Discovery of a mouse that menstruates

Image of a spiny mouse. Credit: Clive Druett/Getty

Although laboratory rodents are used to study estrogen-related disorders, they are different from humans in that they do not menstruate. Therefore, they are not used to understand or develop treatments for disorders related to menstruation, like endometriosis, premenstrual syndrome (PMS) or some fertility disorders.

Researchers from Monash University (Australia), have now reported they've discovered a rodent that actually has a menstrual cycle similar to humans. The spiny mouse (Acomys cahirinus) has about a nine day cycle that includes three days of bleeding (shedding of the endometrium and evidence of blood in the vaginal canal), which is a similar ratio to the human cycle. This was discovered by flushing the vaginas of spiny mice as well as other species that were known not to have menstrual cycles and looking for evidence of blood. They are continuing to examine the uterine structure and changes in gene expression throughout the menstrual cycle to see how similar these are to humans. This is a very interesting finding as reportedly only 1.5% of mammals have a menstrual cycle and as you can imagine, most are primates. In fact, baboons are currently used as a model for endometriosis.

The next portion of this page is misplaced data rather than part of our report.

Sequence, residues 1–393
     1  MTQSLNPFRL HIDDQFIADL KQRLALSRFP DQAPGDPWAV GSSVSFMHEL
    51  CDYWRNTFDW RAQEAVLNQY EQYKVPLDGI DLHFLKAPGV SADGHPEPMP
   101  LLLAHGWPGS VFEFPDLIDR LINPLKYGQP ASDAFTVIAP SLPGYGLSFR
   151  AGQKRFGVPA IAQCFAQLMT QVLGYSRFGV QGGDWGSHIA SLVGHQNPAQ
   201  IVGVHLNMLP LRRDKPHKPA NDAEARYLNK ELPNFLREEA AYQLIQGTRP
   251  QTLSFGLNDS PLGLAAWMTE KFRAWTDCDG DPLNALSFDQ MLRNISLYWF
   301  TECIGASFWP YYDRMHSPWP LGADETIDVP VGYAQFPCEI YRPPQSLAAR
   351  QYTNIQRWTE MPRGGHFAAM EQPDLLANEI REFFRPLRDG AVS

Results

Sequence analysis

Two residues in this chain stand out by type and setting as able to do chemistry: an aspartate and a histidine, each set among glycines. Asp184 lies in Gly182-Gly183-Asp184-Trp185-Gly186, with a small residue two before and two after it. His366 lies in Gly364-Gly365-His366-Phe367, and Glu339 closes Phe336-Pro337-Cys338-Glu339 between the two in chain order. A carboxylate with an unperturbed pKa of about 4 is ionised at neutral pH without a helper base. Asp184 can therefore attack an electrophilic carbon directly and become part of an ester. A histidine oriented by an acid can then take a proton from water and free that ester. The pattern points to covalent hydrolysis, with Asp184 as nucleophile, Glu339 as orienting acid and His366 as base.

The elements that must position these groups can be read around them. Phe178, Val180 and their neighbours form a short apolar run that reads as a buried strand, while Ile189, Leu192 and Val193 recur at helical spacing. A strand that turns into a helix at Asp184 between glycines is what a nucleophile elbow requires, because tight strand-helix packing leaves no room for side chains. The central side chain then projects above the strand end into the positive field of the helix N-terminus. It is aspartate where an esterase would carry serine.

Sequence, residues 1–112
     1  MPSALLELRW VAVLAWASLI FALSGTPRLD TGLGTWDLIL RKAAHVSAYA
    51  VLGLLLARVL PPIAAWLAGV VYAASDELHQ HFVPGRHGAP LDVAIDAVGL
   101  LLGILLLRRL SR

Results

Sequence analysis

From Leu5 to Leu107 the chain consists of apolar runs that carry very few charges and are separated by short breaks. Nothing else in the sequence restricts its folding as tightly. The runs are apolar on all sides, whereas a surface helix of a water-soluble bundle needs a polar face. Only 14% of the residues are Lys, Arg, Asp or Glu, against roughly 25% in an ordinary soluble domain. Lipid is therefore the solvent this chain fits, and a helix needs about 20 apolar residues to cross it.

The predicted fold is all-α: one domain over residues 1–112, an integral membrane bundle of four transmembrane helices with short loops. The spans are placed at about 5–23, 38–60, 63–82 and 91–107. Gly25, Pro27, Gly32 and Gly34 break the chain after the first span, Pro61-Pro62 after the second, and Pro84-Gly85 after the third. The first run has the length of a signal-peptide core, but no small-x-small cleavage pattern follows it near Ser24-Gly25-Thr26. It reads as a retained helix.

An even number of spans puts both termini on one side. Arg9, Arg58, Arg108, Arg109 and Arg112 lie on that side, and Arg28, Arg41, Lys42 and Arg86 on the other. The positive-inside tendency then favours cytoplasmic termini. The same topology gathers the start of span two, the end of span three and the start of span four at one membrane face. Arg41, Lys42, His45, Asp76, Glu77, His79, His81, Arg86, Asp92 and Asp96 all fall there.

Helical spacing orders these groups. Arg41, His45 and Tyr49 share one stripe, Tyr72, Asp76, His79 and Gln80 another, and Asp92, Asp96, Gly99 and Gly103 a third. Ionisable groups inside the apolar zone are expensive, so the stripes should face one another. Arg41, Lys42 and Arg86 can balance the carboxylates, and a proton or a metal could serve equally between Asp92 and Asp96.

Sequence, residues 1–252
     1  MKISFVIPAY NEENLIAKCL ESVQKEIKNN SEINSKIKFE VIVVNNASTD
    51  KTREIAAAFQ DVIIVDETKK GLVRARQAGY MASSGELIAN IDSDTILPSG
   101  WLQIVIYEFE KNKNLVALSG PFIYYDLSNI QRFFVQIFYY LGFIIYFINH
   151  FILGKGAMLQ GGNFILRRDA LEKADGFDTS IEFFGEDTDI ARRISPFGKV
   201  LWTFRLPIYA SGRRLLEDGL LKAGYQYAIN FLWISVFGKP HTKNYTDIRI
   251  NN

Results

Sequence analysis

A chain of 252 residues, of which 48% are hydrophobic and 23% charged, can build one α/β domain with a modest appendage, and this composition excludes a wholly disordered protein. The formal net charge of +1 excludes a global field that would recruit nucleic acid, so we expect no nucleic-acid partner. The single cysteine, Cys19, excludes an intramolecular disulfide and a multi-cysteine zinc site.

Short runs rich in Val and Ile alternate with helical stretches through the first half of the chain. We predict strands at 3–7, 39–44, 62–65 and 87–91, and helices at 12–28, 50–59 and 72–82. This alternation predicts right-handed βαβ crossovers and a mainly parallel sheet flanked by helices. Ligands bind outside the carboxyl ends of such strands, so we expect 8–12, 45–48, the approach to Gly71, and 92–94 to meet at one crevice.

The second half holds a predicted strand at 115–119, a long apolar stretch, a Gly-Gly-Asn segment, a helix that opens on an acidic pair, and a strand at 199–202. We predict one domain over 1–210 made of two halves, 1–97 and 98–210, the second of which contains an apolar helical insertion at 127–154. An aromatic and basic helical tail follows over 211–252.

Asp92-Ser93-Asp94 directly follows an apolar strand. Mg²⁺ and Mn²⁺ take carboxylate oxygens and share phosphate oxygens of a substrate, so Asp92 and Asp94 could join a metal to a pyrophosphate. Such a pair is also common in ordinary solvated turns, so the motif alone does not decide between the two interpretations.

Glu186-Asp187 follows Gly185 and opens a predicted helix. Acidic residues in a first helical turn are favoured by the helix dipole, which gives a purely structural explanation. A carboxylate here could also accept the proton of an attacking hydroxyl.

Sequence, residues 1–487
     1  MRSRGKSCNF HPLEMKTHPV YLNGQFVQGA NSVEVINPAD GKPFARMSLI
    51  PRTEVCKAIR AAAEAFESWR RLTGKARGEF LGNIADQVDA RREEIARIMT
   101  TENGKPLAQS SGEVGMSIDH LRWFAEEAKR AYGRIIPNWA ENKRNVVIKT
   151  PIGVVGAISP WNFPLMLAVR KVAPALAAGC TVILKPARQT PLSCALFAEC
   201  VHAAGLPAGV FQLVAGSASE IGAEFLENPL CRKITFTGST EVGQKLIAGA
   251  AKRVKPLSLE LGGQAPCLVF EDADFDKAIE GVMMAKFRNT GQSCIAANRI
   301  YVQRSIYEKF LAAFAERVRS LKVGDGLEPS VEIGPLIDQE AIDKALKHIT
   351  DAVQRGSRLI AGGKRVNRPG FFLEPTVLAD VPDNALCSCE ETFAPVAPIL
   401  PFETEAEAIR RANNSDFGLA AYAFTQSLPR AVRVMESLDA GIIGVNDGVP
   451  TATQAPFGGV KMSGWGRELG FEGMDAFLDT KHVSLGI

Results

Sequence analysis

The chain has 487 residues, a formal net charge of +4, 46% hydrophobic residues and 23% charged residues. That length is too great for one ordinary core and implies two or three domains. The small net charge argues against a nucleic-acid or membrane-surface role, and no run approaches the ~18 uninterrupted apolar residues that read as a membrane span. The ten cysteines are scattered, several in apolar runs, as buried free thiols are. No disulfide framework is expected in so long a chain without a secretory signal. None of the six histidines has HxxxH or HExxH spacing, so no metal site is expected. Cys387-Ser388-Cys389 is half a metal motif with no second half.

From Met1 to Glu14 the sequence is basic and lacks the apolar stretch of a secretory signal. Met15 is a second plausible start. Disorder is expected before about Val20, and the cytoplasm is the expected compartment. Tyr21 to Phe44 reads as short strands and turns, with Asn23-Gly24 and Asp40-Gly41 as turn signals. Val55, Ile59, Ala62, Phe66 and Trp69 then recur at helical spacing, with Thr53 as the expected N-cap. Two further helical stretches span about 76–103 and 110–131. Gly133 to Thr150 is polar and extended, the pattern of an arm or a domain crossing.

Sources:

biorxiv.org/content/early/2016/06/03/056895

Scientific American

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